So, as has been suggested above, The Crucible deals with the Salem witch trials in the Puritan community. To sum up the facts: a group of girl teenagers from the Puritan community go out a night in the woods afterwards one of them is afflicted by some unknown malady, and as it was proper of the place and time, they suspect she has been possessed or gone into some kind of witchcraft. One of the girls starts to think and talk about spirits in the woods and panic arouses: all the girls who were in the woods start to behave as if possessed, which is, after Freud, a hysteric outburst. We may say now with Freud and Foucault that the discourse of the community is so powerful that the girls end up believing they have been victims of witchcraft and one falls after the other: collective hysteria. So, the interesting point is that these teenagers -and I think this age matters here as the introduction to womanhood, sexuality- start to accuse of witchcraft to almost every single woman of the community, that is, puritan mothers and wives. And that is the point I wanted to arrive at: teenagers belonging to a society with a terrific control over sexuality and the female body accuse women of being witches; women is what they are becoming, so a possible interpretation of the situation is the young girls’ sense of alienation with their own bodies and upcoming sexuality. Of course they are unconscious of it, but they are unclosed within the puritan discourse which demands of them to negate the experience of their puberty till, it may be said, it appears taking another form, that is, in the form of possession because this word belongs to the same discourse, so they are familiar with it, and it does not only belong to the same discourse, it is the evil part of the discourse, so is their bursting sexuality.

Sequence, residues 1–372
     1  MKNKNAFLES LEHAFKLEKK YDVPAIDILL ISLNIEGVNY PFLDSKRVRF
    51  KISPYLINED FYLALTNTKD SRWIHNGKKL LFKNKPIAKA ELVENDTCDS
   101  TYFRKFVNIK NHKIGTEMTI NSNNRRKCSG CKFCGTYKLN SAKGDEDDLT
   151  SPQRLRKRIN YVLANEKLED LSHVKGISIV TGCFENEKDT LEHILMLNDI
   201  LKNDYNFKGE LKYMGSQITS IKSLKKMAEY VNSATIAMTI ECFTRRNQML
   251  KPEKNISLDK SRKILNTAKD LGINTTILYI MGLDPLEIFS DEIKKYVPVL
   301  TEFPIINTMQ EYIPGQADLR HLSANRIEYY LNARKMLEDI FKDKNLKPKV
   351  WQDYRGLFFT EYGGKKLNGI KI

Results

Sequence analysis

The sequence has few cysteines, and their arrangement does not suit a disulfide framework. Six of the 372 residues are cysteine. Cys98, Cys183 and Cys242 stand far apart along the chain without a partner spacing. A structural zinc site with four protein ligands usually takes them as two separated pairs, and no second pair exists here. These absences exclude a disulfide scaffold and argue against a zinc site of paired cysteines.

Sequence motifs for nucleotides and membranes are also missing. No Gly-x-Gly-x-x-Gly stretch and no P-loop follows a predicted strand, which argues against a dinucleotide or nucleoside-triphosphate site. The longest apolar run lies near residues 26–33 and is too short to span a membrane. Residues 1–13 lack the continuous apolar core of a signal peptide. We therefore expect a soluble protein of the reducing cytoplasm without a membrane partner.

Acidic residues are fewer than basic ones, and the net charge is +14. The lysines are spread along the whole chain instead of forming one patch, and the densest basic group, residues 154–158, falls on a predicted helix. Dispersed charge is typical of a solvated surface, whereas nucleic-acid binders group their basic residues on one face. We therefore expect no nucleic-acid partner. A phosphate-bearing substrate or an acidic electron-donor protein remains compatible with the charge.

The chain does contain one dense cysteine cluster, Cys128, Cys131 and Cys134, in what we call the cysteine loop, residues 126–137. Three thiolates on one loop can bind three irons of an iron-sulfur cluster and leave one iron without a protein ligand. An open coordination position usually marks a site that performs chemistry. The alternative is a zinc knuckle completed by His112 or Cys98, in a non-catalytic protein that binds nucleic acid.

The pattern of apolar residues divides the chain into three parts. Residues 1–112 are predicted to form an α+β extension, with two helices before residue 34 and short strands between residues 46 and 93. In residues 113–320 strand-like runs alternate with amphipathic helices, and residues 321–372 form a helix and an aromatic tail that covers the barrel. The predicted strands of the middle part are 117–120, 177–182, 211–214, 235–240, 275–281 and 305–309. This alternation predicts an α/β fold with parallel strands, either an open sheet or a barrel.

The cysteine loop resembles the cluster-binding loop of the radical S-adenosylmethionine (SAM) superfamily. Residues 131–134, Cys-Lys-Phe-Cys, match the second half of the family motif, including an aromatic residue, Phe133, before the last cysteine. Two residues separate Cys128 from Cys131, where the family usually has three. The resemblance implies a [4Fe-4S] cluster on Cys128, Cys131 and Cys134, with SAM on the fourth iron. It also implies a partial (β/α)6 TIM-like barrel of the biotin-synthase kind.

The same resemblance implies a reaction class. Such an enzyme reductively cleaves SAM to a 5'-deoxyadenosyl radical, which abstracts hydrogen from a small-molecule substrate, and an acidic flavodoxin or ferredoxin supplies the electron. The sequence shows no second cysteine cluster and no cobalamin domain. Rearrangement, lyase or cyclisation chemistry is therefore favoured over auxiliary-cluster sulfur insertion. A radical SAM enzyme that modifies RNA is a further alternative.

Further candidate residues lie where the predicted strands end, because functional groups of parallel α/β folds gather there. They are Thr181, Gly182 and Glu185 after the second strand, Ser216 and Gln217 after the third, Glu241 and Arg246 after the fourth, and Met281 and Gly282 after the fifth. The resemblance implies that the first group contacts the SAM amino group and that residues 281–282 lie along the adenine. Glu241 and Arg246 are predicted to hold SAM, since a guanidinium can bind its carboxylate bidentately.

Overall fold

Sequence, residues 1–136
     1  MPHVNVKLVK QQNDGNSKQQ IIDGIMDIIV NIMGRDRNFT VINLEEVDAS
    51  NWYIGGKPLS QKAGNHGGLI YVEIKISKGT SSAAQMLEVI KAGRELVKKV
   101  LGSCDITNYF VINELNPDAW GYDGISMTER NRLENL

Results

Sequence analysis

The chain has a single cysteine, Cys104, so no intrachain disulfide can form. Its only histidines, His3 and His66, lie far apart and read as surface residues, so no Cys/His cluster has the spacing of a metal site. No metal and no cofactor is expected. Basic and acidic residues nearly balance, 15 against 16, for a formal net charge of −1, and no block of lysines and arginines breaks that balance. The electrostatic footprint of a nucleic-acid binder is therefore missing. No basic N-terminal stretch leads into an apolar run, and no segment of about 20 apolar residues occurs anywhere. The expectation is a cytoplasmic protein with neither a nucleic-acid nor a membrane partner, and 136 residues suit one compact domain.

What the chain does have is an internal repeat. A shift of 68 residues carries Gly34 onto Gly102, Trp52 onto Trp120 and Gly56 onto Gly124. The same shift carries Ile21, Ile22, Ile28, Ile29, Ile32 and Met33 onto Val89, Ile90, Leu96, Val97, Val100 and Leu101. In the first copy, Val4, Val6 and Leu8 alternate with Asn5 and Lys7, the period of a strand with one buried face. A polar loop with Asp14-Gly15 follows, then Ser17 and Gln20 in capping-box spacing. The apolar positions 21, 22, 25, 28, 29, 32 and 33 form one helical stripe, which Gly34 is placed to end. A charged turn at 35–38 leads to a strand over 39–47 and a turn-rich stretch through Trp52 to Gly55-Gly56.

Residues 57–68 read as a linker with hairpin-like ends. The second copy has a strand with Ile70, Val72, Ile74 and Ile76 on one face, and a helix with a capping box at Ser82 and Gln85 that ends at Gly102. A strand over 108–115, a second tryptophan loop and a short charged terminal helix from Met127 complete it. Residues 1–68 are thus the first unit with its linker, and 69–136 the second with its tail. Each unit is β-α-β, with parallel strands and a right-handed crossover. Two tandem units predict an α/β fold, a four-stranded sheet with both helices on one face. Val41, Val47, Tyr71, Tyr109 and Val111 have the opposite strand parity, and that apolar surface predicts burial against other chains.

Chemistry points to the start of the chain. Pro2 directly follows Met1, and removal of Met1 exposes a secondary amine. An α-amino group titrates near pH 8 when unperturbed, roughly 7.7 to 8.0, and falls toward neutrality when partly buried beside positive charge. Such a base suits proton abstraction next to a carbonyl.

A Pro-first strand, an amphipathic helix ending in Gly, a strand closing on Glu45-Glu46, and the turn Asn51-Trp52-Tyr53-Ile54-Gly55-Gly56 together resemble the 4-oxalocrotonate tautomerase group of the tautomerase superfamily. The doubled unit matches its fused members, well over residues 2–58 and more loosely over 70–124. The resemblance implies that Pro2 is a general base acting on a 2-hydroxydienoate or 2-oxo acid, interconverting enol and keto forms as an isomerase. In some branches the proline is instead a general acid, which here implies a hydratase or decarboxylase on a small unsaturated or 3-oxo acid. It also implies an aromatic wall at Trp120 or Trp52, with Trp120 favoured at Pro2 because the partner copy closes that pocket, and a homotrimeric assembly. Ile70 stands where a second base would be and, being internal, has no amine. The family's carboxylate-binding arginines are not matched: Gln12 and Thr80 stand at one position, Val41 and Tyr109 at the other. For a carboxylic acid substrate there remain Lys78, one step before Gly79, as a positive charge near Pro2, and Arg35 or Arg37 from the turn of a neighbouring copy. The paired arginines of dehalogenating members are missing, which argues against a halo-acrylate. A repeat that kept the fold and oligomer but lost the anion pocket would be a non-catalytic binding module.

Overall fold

The situation goes completely out of control, and any woman is arbitrary accused of witchcraft by the girls. The trial is looking for witches, that is, women, so they are the scapegoat of a neurotic discourse, and I dare say, in this case it is a patriarchal one: women were the victims of the discourse, they were seen as dangerous, dangerously powerful, in the puritan context, they have a dangerous sexuality, they attract men to sin. That can be seen as the male control of the female body because they were scared of its power of seduction, and the girls in a sort of reaction against their own future bodies attack women as looking themselves in a mirror.